The virus may not only threaten the championship aspirations of all teams, it may raise questions about the legitimacy of the tournament winner. Top-seeded Gonzaga, which is trying to become the first undefeated champion since Indiana in 1976, may have its path to the Final Four through the West eased with third-seeded Kansas and fourth-seeded Virginia, the reigning champion, compromised by the virus.

All teams, of course, have been trying to keep the virus at bay. Ironically, teams that have been fortunate or vigilant — or both — have in recent weeks been paying a price for their success. Duke, which dropped out of the A.C.C. tournament — ending its hopes of winning its way into the N.C.A.A. tournament — did so after its first positive test of the season. Other teams, like Iona, which has had 10 players and two coaches (including Rick Pitino) contract the virus in the last three months have had fewer worries.

V.C.U. had been able to play 26 games without interruption.

“I hate to say this — I don’t think pauses are good, but they may be blessings in disguise that the pauses occur to better ensure you have a healthy N.C.A.A. tournament,” Self said.

The Jayhawks had plenty of anxious moments against Eastern Washington. McCormack, who Self had hoped to limit to 7-10 minutes per half, began the game on the bench. Two minutes into the game, Self called a timeout to send him into the game with Kansas down, 9-0.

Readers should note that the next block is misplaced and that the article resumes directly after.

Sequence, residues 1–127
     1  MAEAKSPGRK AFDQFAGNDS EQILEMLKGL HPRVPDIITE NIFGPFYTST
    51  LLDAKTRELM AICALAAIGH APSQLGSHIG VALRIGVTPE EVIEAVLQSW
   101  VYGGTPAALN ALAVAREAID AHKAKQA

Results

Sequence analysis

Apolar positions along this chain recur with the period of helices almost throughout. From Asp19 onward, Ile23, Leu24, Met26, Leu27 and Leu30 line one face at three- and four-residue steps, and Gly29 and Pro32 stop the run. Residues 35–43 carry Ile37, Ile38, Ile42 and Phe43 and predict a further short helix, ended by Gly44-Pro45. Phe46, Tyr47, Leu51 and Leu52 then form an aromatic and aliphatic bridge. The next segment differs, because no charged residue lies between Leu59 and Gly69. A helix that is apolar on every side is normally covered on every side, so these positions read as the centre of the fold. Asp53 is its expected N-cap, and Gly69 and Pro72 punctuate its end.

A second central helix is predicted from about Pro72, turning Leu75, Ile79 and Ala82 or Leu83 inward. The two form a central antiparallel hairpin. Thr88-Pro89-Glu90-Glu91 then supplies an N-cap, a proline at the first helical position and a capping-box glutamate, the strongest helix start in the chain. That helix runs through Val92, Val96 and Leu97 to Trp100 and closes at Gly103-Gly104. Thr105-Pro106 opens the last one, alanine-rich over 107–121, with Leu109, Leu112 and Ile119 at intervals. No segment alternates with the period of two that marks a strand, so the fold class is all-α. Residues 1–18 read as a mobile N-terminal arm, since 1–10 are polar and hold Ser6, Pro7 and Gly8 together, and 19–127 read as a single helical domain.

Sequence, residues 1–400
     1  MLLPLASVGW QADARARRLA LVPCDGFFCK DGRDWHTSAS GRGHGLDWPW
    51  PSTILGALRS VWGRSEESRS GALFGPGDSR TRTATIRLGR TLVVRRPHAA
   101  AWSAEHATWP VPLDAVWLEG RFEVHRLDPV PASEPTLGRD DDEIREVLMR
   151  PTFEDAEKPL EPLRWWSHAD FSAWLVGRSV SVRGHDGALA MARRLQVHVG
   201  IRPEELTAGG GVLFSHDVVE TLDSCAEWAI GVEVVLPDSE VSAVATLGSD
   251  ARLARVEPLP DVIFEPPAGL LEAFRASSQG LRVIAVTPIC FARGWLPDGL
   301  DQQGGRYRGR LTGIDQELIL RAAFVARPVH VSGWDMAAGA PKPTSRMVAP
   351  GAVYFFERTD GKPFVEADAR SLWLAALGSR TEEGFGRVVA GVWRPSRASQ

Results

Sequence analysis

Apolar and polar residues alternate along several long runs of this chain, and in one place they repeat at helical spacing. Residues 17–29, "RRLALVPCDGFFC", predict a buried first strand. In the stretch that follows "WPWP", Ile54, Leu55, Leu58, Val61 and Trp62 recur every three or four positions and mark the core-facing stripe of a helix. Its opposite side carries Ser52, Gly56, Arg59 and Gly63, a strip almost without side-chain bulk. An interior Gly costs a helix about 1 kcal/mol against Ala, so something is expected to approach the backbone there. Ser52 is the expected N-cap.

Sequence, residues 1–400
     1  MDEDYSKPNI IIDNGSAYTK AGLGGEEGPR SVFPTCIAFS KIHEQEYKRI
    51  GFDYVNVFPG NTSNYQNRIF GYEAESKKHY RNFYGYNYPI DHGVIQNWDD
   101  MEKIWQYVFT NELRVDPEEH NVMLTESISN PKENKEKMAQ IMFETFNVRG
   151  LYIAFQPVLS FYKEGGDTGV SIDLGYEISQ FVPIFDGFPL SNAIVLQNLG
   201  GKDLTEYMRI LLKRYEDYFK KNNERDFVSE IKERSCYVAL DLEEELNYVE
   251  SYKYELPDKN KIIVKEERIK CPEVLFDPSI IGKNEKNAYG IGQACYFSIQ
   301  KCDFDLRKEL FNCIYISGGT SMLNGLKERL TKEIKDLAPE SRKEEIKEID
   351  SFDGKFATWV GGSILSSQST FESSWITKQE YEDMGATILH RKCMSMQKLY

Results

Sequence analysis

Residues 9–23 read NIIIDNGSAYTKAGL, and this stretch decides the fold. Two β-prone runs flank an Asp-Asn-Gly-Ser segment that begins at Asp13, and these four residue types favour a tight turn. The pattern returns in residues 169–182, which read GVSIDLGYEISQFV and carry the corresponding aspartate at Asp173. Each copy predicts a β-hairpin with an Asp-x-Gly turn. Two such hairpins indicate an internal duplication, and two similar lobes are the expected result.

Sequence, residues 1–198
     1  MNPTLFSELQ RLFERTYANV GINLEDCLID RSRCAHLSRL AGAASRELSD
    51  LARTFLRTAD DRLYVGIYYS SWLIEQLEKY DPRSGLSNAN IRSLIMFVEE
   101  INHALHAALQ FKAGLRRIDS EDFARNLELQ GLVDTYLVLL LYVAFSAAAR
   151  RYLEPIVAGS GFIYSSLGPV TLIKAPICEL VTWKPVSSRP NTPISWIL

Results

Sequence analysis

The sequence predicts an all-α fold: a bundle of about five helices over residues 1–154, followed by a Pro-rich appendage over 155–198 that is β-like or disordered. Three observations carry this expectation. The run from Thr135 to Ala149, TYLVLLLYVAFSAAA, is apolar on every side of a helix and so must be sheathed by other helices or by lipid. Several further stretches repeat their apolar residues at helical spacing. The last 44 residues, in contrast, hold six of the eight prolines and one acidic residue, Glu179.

The Jayhawks trailed by 10 in the second half, then won with an enormous contribution from McCormack, who scored 22 points, including the Jayhawks first 8 points after halftime. Kansas will have to get past Southern California on Monday in order to get Wilson to return.

Self said a team mantra is that they always have enough, but “I’m not sure it is to go deep in the tournament; we need to have our full complement of guys.”

That was a crushing lesson for Georgia Tech the day before.

Georgia Tech Coach Josh Pastner was in tears in the locker room after his team’s 71-60 loss to Loyola-Chicago on Friday. The Yellow Jackets celebrated an Atlantic Coast Conference championship last Saturday night, sealing their first N.C.A.A. tournament berth since 2010. The next day, they learned that their anchor, Wright, had tested positive for the virus, making them the third team in the conference to have a positive test. Wright traveled separately to Indianapolis this week but was under quarantine. His teammate, Jose Alvarado, wore his No. 5 uniform.

“I can’t even express the pressure and the swing of high to low. It was overwhelming at times because you don’t…,” Pastner said, his voice trailing off.

“You know how sick I felt for Moses Wright, for him not to be able to play today? Obviously, thank God everything is OK. It’s just he loses that opportunity,” he said.

The Yellow Jackets shot well against the nation’s top defense and were bolstered by a contingent of boisterous students who had traveled from Atlanta. But it wasn’t enough.

“We have tried to do everything in our power to be so careful this year in everything that we can,” Pastner said. “The pressure that I felt almost every single day since November, I can’t describe the words, the pressure I felt every single time we took a test because you just don’t know. A positive could knock you out.”

And on Saturday night, three days into a 19-day tournament, it did.

Alan Blinder reported from Atlanta.